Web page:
A Masked Ball - Unmasked
Sound Design on the Lake Stage at the Bregenz Opera2000 OISTAT Scenography Commission Meeting 19-23 August 2000 at Bregenzer Festspielhaus, Bregenz, Austria Text by Peter Ruthven Hall Photos by Rick Thomas
Bregenz is situated in the heart of Europe where Austria, Germany and Switzerland meet on the shores of Lake Constance (known to the Austrians as the Bodensee): Zurich is 100 km away; Munich about 180 km. It is a small Austrian city but with a bold vision. Its annual festival is renowned worldwide for its spectacular opera stagings on the lake and every year over 160,000 visitors attend the productions, swelling the population of just 28,000 by another 50%.
The Bregenz Opera has a rich history of spectaular productions.
Here are a few pictures of some of them:
In July last year British director-designer team, Antony McDonald and Richard Jones's extraordinary designs for Verdi's 'A Masked Ball' hit the front pages of the international press.
The production featured spectacular scenery such as this crown that rose through the floor of the stage:
In one scene the entire front of the stage rises dramatically and a scene is played under the floor "canopy!"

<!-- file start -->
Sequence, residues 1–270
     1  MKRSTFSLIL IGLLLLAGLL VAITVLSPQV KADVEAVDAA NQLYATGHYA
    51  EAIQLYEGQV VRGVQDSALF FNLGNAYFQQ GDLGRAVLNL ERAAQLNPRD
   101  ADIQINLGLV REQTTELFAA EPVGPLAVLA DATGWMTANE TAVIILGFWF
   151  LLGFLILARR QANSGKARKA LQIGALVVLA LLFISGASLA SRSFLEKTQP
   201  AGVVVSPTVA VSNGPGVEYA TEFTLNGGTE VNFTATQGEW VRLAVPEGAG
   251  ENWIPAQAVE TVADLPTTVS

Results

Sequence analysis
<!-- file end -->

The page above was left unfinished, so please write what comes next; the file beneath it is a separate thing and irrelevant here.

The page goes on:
In another scene an antique car rises out of the floor and is "driven" around the stage!
Here, the car waits for another performance in storage under the stage.
Then, when needed, the car rises from its storage place beneath the stage.
Many of you may remember seeing the image of a dark skeleton looming large over an enormous book floating in the lake.
The cast had nicknamed him "Sparky."
Note loudspeaker that pops out of Sparky's head:
This summer the production was revived and I was lucky to attend the final performance as the British delegate at the 2000 meeting of the OISTAT Scenography Commission hosted by the Bregenzer Festspiele.
OISTAT Visitors inside Crown on tour of facilities:
The sets have since been dismantled but work is already underway on Antony and Richard's new production of 'La Bohème' which will premiere next summer.
The focus of the Scenography Commission meeting was lighting and sound design, especially that relating to the workings of this phenomenal enterprise. As a set and costume designer I may not have been the ideal candidate to relay my findings so please forgive any misunderstandings about purely technical matters.
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